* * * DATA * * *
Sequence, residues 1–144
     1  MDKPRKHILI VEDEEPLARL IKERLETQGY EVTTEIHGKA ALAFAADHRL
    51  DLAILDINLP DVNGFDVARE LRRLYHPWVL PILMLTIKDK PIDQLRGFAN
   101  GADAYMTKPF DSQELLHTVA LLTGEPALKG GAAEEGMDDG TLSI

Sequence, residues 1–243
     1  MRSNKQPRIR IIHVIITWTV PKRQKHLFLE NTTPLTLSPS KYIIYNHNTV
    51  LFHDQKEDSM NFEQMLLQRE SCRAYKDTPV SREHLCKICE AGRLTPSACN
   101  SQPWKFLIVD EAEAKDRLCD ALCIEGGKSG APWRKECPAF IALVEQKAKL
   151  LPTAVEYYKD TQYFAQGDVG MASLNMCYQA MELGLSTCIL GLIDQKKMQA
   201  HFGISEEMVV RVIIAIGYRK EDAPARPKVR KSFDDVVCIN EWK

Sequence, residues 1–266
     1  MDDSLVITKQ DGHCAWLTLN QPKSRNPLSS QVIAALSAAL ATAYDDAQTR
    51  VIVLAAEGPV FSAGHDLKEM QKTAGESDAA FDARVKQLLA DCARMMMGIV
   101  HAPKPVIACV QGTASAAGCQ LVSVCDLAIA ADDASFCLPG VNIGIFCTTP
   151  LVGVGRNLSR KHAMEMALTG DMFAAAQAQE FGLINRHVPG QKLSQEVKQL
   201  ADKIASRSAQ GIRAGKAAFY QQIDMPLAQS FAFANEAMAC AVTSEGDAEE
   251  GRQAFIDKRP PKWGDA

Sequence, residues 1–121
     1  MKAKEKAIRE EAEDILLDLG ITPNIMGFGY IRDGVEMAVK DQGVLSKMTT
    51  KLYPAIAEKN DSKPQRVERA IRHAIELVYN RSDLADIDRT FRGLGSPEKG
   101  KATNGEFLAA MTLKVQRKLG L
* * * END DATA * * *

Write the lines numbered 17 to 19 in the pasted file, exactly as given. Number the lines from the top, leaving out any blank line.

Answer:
   251  GRQAFIDKRP PKWGDA

Sequence, residues 1–121
     1  MKAKEKAIRE EAEDILLDLG ITPNIMGFGY IRDGVEMAVK DQGVLSKMTT